“Random Acts of Flyness” Review: Terence Nance' inventive exploration of the modern black experience.

Terence Nance made one of the great films of the new century with “An Oversimplification Of Her Beauty”. It’s depressing that his output is constrained by an industry that continually fails to reward filmmakers like him. “Random Acts of Flyness” continues in a similar mode. Playing a fictionalized version of himself, Terence navigates the modern black experience, but expands upon his original cinematic work by inviting other writers and directors to create the work with him.

“Unforgiven” Review: Clint Eastwood attacks the violent heart of American mythology

A terribly sad repositioning of the American West mythology and a clear-headed meditation on the unspeakable violence, racist and misogynist culture that sat at the heart of the American frontier. Eastwood has become a politically polarizing figure and his films are co-opted or rejected through politically narrow readings. While playing hyper-masculine, hyper-violent characters, Eastwood has also chipped away—in front of the camera and behind—at the empty symbols and rhetoric those characters represent.

“Below Her Mouth” review: An authentic exploration of sex and vulnerability

Arriving at the Sydney Mardi Gras Film Festival following a run through the international film festival circuit, including TIFF, I was lucky enough to attend a screening of “Below Her Mouth” followed by a Q&A with director April Mullen. This was the second screening of the film during the festival, with both 800-seat sessions sold out weeks in advance. Leading up to the screening, I had been eager to see the film, as much had been made of Mullen’s representation of female sexuality in a sensual and truthful manner, which is rarely seen on the silver screen and if it is, usually distastefully presented.

“Lion” review: A banal retelling of an astonishing story

“Lion”, the feature debut by Australian filmmaker Garth Davis, is a missed opportunity as his limited cinematic vision fails to translate the extraordinary sequences and themes of the film’s story. It’s a film about randomness, insignificance and love without the visual imagination to convey any of these ideas on the screen. It is imbued with perfunctory information and little else. “Lion” tells the extraordinary story of Saroo Brierley (played by Sunny Pawar as a child and Dev Patel as an adult), who becomes lost in India, lives in the streets of Calcutta, is adopted by a Tasmanian couple and grows up in Australia before finding his hometown via Google Maps and returning as an adult.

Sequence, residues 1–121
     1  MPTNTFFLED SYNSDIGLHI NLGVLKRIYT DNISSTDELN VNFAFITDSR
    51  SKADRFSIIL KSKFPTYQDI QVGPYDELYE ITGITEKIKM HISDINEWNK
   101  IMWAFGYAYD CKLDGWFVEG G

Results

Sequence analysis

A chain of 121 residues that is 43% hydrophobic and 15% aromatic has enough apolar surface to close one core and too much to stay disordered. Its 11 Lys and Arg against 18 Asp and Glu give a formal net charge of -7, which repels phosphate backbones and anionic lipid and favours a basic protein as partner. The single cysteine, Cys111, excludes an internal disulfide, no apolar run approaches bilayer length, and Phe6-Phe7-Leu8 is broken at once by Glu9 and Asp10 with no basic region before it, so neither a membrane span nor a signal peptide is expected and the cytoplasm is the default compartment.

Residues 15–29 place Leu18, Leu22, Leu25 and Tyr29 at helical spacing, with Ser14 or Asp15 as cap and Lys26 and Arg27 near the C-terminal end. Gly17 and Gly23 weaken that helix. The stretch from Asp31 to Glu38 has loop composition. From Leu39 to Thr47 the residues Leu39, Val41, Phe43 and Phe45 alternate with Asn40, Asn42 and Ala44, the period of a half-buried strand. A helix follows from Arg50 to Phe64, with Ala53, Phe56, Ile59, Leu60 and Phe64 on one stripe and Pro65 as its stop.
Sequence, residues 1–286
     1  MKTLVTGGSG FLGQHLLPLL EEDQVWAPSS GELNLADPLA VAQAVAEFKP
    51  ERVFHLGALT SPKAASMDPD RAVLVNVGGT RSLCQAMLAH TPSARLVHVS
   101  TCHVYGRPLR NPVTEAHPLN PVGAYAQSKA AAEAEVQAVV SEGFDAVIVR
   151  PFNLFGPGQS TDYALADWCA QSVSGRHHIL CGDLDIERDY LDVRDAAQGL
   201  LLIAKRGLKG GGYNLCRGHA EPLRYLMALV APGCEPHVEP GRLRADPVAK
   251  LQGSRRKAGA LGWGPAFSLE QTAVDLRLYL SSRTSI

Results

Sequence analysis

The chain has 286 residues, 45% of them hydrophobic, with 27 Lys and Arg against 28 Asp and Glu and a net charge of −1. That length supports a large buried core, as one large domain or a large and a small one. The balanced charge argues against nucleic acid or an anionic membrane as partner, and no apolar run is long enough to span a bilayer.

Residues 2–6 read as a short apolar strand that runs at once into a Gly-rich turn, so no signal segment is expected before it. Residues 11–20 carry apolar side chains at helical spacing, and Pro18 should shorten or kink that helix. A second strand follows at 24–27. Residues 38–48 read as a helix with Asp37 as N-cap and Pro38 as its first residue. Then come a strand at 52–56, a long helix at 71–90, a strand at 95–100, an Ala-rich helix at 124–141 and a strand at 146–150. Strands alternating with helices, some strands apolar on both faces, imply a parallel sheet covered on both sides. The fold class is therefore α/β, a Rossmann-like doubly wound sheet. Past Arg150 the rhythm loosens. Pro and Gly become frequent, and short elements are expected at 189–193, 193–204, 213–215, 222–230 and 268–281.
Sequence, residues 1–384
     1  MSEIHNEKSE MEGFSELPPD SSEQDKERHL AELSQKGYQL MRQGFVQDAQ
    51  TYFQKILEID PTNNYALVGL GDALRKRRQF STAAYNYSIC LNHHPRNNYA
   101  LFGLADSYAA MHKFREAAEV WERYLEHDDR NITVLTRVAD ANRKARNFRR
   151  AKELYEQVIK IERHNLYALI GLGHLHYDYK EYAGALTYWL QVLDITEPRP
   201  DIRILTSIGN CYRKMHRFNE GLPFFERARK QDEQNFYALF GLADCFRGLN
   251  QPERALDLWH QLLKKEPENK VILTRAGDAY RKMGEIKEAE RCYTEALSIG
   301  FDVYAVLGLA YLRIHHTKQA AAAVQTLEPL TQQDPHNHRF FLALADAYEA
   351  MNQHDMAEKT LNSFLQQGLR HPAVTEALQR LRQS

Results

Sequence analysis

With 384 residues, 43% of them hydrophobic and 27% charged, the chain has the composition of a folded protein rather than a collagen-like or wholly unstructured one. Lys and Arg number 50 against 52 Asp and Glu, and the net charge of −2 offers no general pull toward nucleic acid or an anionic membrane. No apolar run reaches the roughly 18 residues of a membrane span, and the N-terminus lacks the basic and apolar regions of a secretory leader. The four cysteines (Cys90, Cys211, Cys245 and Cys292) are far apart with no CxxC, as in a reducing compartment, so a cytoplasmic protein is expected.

“Joe Cinque’s Consolation” review: A lack of curiosity fails to inspire the mind or eye

Note—for the purpose of clarity, references to the real-life people will be with their last name, and references to the fictional characters will be their first name. A film dealing with the events leading up to Joe Cinque’s death should not be this shallow. In 1997, Anu Singh was charged and later convicted of the manslaughter of her then boyfriend, Joe Cinque. Singh laced Cinque’s coffee with rohypnol before injecting him with a fatal dose of heroin.

“Hacksaw Ridge” review: An unimaginative throwback that appeals to the worst instincts of worship and jingoism

“Hacksaw Ridge” arrives ten years after Mel Gibson’s previous directorial effort, the near-excellent “Apocalypto”, and follows an industry-imposed absence from filmmaking after repeated personal indiscretions. Gibson returned to the screen as an actor in 2010’s “Edge of Darkness”. Gibson’s difficulties in securing Hollywood financing may still be an ongoing issue, as he returns here with an Australian cast and production on a very American subject. This decision ultimately harms the impact of Gibson’s artistry as it fails to connect its characters to any artistic or cultural relevance.